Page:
Building Sessions from Search Logs

Here is a basic example of using Bytewax to turn an incoming stream of event logs from a hypothetical search engine into metrics over search sessions. In this example, we're going to focus on the dataflow itself and aggregating state, and gloss over details of building this processing into a larger system.

Skill level: Easy Time to complete: 15-30 min


Python modules bytewax==0.16.*

Your takeaway

This guide will teach you how to use Bytewax to aggregate on a custom session window on streaming data using reduce and then calculate metrics downstream.

Data Model

Let's start by defining a data model / schema for our incoming events. We'll make a little model class for all the relevant events we'd want to monitor.

In a more mature system, these might come from external schema or be auto generated.

The Dataflow

A dataflow is the unit of work in Bytewax. Dataflows are data-parallel directed acyclic graphs that are made up of processing steps.

Let's start by creating an empty dataflow.

Generating Input Data

Bytewax has a TestingInput class that takes an enumerable list of events that it will emit, one at a time into our dataflow.

Note: TestingInput shouldn't be used when writing your production Dataflow. See the documentation for Bytewax.inputs to see which input class will work for your use-case.

Now that we have a Dataflow, and some input, we can add a series of steps to the dataflow. Steps are made up of operators, that provide a "shape" of transformation, and logic functions, that you supply to do your specific transformation. You can read more about all the operators in our documentation.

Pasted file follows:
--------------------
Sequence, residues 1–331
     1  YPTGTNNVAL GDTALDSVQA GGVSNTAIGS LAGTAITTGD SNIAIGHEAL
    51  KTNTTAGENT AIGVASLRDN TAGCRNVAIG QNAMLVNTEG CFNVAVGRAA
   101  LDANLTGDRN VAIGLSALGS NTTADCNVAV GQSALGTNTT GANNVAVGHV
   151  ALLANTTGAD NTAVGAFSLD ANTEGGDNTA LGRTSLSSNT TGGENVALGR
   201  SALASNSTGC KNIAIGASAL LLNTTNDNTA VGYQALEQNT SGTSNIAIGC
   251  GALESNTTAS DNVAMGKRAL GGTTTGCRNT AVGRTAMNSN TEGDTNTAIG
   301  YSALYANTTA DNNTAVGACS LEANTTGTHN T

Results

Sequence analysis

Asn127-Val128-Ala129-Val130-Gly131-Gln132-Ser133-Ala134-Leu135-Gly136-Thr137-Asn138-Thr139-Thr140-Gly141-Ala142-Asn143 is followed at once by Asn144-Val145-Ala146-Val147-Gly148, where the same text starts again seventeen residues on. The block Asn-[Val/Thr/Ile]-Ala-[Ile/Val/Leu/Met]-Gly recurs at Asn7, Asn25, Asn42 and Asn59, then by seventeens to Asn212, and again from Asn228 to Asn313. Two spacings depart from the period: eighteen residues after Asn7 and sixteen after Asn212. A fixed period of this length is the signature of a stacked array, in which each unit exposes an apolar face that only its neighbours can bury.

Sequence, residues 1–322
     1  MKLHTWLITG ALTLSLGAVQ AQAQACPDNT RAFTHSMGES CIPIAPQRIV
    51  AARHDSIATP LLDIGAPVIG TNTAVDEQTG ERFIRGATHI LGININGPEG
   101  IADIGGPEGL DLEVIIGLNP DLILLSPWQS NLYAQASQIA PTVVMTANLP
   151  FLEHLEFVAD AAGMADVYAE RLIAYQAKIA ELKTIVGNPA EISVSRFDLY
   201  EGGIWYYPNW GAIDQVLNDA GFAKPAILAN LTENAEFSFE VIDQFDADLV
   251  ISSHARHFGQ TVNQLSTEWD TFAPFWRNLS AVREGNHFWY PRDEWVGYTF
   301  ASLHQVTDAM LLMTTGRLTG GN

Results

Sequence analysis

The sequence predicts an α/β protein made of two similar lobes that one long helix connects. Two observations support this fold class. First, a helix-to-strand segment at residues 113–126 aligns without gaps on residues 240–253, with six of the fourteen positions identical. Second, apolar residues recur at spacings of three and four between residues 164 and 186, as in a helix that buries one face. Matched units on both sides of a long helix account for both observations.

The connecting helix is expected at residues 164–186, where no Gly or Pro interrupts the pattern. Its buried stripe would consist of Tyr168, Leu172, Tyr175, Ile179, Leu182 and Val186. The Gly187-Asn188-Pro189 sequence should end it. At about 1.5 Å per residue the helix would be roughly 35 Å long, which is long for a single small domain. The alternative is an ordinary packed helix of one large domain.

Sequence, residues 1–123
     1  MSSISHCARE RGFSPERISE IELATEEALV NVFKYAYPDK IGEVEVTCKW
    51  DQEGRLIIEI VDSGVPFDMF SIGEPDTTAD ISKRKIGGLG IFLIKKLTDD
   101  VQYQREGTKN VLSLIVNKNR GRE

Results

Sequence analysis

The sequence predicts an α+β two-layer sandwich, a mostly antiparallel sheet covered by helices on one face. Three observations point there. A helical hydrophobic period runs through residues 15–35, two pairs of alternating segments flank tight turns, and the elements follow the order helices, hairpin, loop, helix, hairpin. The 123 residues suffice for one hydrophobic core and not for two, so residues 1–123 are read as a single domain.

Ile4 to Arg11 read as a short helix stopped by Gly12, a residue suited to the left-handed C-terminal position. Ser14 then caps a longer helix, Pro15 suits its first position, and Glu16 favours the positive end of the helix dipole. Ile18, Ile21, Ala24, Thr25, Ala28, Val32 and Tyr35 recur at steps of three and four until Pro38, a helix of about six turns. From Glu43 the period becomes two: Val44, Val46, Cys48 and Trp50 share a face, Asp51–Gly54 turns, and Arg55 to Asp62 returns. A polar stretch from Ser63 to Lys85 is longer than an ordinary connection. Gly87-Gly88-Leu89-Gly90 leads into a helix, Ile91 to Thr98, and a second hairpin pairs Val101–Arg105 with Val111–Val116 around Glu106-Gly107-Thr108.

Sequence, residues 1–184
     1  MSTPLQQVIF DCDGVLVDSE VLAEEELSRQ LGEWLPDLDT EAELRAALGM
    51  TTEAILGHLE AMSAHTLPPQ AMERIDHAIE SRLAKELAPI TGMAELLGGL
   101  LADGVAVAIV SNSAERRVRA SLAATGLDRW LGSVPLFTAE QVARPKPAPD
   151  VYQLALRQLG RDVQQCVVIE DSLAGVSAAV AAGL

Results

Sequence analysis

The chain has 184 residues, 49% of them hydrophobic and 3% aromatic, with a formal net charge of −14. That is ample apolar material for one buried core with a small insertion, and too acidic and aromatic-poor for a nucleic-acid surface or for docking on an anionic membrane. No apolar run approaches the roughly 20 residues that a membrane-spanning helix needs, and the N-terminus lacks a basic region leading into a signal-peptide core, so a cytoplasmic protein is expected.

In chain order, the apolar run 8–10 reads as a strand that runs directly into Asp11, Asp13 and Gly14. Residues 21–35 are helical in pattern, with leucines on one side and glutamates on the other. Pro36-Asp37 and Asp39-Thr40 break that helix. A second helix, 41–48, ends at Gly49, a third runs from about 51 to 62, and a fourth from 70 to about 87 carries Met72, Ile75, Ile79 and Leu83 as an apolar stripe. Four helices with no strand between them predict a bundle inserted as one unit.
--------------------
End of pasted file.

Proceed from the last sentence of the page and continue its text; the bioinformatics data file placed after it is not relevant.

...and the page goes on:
Our first task is to make sure to group incoming events by user since no session deals with multiple users.

All Bytewax operators that perform grouping require that their input be in the form of a (key, value) tuple, where key is the string the dataflow will group by before passing to the operator logic.

The operator which modifies all data in the stream, one at a time, is map. The map operator takes a Python function as an argument and that function will transform the data, one at a time.

Here we use the map operator with an user_event function that will pull each event's user ID as a string into that key position.

For the value, we're planning ahead to our next task: windowing. We will construct a SessionWindow. A SessionWindow groups events together by key until no events occur within a gap period. In our example, we want to capture a window of events that approximate an individual search session.

Our aggregation over these events will use the fold_window operator, which takes a builder and a folder function. Our builder function will be the built in list operator, which creates a new list containing the first element. Our folder function, add_event will append each new event in a session to the existing window.

We can now move on to our final task: calculating metrics per search session in a map operator.

If there's a click during a search, the CTR is 1.0 for that search, 0.0 otherwise. Given those two extreme values, we can do further statistics to get things like CTR per day, etc

Now that our dataflow is done, we can define an output. In this example, we're just sending the output to Standard Output.

Now we're done with defining the dataflow. Let's run it!


Bytewax provides a few different options points for executing your dataflow, but because we're focusing on the dataflow in this example, we're going to use the most basic execution mode- running a single worker in the main process.

Let's inspect the output and see if it makes sense.

Since the output step is immediately after calculating CTR, we should see one output item for each search session. That checks out! There were three searches in the input: "dogs", "cats", and "fruit". Only the first two resulted in a click, so they contributed 1.0 to the CTR, while the no-click search contributed 0.0.